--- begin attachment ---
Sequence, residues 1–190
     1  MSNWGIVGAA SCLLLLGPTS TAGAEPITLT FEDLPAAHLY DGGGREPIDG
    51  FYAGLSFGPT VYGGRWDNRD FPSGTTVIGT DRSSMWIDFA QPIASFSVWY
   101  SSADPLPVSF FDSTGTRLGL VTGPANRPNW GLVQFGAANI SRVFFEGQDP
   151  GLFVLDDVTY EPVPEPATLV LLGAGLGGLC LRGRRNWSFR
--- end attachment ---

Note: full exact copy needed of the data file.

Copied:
Sequence, residues 1–190
     1  MSNWGIVGAA SCLLLLGPTS TAGAEPITLT FEDLPAAHLY DGGGREPIDG
    51  FYAGLSFGPT VYGGRWDNRD FPSGTTVIGT DRSSMWIDFA QPIASFSVWY
   101  SSADPLPVSF FDSTGTRLGL VTGPANRPNW GLVQFGAANI SRVFFEGQDP
   151  GLFVLDDVTY EPVPEPATLV LLGAGLGGLC LRGRRNWSFR